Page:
Food hygiene, chemical checks to be enhanced

To minimise food poisoning, the Viet Nam Food Administration (VFA) plans to set up a system to quickly check food for harmful bacteria and too much preservatives and other chemicals.

Under the system, samples of food in danger of being contaminated would be regularly tested at wholesale markets, said VFA Director Nguyen Cong Khan. Read more of this post

Enhance seafood safety and hygiene inspection

Mr. Phung Huu Hao, Deputy Department of National Agro-Forestry-Fisheries Quality Assurance (NAFIQAD) said, this year, NAFIQAD will enhance food safety and hygiene inspection for seafood processing plants with the high frequency.

The Ministry of Agriculture and Rural Department (MARD) proposed key provincial People’s Committee to strongly implement the measures to strengthen and control the local establishments of purchasing and preprocessing Read more of this post

Clearly assign the inspection and monitoring agencies of seafood safety

On 20th December, 2010, the Ministry of Agriculture and RuralDevelopment (MARD) issued Decision No.3408/QD-BNN-QLCL assigningthe organization of inspection and monitoring for the quality ofagricultural materials and the safety of food, agricultural-forestry-fisheryproducts under its management.
Accordingly, the Directorate of Fisheries (D-FISH) is responsible for inspecting and monitoring the production, import, transport and export of freshwater, brackish and salt seafood such as finfish, mollusk and other species. Read more of this post

Pangasius production and marketing: Focus on quality

On January 18, 2011, in Can Tho city, the Steering Committee for Pangasius Production and Marketing held a conference on development management of the sector in the year 2011.

 

Deputy Minister of Agriculture and Rural Development and Director of the Fisheries Directorate (D-Fish), Mr. Vu Van Tam chaired the meeting. Participants included D-Fish Deputy Director Pham Anh Tuan; officials from the provincial agriculture and rural development departments (DARD); related ministries, sectors, enterprises and farmers; and professional associations.

According to the 2010 summary report, through December 30, 2010, nearly 2.4 billion of fish fries have been stocked in 5,400ha of farming area in the Mekong Delta. Pangasius output of the region is estimated more than 1.1 million MT. Pangasius export turnover is expected to reach US$1.4 billion with export volume of 645,000MT.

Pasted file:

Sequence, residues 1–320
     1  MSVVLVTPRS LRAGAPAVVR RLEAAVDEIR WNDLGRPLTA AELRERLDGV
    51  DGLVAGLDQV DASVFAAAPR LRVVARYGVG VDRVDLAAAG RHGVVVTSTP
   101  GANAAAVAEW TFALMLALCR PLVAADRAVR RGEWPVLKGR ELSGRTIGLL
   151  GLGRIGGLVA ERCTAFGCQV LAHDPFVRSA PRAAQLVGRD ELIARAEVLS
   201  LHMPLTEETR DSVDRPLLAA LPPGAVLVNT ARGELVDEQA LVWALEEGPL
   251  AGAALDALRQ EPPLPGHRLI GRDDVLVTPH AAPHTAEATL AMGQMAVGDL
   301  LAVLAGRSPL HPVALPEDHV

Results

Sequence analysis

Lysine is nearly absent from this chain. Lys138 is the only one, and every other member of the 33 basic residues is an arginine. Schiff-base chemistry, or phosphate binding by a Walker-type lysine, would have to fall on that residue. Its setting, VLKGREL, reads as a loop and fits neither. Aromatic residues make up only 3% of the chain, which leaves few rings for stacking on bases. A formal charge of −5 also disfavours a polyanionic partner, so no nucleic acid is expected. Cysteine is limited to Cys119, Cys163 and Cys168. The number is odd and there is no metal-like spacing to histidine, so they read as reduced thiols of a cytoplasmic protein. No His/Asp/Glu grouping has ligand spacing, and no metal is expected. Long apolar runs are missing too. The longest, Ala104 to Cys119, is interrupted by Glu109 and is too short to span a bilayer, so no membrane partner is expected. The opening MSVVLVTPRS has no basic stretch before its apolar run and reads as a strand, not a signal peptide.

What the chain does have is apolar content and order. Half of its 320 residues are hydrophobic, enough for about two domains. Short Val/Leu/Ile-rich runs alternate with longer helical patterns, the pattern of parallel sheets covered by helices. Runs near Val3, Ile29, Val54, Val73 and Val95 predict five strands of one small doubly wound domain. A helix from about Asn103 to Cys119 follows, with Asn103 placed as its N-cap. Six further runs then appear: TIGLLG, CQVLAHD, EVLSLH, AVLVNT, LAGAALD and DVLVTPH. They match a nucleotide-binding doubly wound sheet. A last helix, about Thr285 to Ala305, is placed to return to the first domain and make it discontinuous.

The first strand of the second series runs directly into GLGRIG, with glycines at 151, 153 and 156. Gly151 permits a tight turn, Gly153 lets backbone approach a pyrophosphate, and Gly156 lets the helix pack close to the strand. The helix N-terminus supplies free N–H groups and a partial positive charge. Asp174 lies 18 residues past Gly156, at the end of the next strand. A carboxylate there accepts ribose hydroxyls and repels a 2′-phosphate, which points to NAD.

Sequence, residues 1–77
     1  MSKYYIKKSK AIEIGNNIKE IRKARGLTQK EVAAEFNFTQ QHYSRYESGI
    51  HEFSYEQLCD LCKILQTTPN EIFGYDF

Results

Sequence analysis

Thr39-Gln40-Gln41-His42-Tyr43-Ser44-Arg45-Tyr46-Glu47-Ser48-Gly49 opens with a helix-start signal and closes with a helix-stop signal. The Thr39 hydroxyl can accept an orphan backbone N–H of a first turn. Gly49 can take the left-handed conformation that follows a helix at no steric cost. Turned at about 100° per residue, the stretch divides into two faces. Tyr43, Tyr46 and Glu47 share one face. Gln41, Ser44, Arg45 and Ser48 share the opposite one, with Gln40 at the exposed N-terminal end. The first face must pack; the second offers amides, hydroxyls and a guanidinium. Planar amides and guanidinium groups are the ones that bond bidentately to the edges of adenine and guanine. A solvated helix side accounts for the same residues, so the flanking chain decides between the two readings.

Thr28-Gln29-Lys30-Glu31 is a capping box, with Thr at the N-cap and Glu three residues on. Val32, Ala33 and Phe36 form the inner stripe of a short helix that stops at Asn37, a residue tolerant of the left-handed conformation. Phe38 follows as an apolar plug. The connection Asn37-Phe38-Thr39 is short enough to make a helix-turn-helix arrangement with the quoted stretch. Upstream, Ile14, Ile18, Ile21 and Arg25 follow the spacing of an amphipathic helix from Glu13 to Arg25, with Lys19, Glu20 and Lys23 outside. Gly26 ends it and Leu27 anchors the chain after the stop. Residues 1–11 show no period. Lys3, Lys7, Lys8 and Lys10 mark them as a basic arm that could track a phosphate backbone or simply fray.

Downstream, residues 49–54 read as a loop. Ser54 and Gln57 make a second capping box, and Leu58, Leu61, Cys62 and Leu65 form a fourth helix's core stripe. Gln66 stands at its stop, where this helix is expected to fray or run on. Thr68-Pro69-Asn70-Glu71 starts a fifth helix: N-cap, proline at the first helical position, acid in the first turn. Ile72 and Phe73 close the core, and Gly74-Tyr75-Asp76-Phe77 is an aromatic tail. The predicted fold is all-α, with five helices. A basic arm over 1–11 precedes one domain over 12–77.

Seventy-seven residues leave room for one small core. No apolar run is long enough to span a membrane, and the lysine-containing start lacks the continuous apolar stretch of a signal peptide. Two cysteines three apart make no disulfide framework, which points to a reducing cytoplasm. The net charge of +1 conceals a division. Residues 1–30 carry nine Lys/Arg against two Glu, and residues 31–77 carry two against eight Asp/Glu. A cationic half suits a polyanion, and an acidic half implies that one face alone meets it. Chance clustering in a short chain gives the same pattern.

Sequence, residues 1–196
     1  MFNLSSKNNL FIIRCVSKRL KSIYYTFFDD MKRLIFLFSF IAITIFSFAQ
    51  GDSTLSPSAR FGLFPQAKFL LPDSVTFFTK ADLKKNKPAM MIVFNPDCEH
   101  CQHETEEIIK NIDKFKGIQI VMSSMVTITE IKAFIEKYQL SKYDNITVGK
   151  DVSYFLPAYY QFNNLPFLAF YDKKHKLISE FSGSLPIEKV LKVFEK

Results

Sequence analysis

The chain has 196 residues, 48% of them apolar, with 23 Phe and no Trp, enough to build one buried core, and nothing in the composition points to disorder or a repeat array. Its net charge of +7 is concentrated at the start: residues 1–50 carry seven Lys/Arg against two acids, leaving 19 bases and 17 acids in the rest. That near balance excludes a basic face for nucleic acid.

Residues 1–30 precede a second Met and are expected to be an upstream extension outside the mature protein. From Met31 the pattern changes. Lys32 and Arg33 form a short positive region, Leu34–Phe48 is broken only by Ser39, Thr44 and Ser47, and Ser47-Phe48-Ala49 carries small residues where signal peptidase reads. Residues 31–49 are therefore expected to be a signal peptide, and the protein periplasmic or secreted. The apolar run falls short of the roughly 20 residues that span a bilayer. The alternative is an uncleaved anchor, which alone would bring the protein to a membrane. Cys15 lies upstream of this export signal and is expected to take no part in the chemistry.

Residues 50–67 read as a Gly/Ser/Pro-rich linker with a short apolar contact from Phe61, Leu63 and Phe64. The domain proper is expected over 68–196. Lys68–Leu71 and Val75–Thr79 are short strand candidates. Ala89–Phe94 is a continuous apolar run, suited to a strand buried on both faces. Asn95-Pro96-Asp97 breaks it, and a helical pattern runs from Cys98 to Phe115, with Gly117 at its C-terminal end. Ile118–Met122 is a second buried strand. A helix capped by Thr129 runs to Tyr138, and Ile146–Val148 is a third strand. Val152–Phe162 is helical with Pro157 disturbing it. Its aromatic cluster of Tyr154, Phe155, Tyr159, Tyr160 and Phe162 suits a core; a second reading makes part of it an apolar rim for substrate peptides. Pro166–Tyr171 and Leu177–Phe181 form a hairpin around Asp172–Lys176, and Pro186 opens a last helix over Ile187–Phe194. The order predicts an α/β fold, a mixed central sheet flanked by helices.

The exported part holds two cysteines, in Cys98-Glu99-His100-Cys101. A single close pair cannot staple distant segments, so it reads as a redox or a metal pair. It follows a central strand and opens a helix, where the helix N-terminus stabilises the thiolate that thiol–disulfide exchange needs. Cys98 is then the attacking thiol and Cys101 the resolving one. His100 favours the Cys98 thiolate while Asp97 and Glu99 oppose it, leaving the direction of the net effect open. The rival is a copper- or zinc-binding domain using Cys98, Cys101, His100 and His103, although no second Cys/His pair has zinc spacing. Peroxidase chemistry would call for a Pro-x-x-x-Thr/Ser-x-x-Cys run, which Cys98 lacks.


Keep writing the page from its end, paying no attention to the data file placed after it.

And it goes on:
Pangasius farming area in Dong Thap province decreased to 1,580ha in 2010, with an output of 291,000MT and export turnover of US$299 million. Mr. Dang Ngoc Loi, Deputy Chief of Dong Thap DARD said “With one breeding center at national level, five hatcheries at district level and many small hatcheries, Dong Thap can provide 1.3 billion Pangasius juveniles annually, meeting demand of local farmers. In 2011, Dong Thap strives to increase Pangasius farming area to 2,000ha, with an output of 300,000MT.

According to Director of Can Tho DARD, in 2010, the province has already implement the Pangasius farming area planning, reduced the number of small-scale farms, and expanded concentrated farming area. By the end of 2010, Can Tho had 750ha for Pangasius farming, with an output of 230,000MT, a decrease of 5 percent over the previous year. In 2011, Can Tho will focus on strengthening the links between four stakeholders in the Pangasius chain: farmers, processors, feed producers and seed providers.

Most participants at the conference stressed on the importance of Pangasius output management in 2011. Mr. Nguyen Huu Dung, Vice Chairman of VASEP, said D-Fish and the Steering Committee should ask Viet Nam government to focus on quality instead of volume in Pangasius production. Mr. Duong Ngoc Minh, Director of Hung Vuong Corp, said “If we have to assure the higher output by year, we will not have advantages in Pangasius production and export. It is now essential to have quality standards as soon as possible.”

This year, D-Fish will concentrate on building VietGAP – Viet Nam’s standards for the certification of production processes of agricultural and aquaculture products.